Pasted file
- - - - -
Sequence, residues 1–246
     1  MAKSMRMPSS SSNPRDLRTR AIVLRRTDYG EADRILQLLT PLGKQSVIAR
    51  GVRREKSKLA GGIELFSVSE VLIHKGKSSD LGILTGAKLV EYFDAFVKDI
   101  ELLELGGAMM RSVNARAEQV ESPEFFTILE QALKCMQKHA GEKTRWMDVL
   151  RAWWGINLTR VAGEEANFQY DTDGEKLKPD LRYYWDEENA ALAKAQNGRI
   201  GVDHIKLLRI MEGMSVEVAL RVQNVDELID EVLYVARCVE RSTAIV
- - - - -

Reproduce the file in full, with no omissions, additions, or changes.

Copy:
Sequence, residues 1–246
     1  MAKSMRMPSS SSNPRDLRTR AIVLRRTDYG EADRILQLLT PLGKQSVIAR
    51  GVRREKSKLA GGIELFSVSE VLIHKGKSSD LGILTGAKLV EYFDAFVKDI
   101  ELLELGGAMM RSVNARAEQV ESPEFFTILE QALKCMQKHA GEKTRWMDVL
   151  RAWWGINLTR VAGEEANFQY DTDGEKLKPD LRYYWDEENA ALAKAQNGRI
   201  GVDHIKLLRI MEGMSVEVAL RVQNVDELID EVLYVARCVE RSTAIV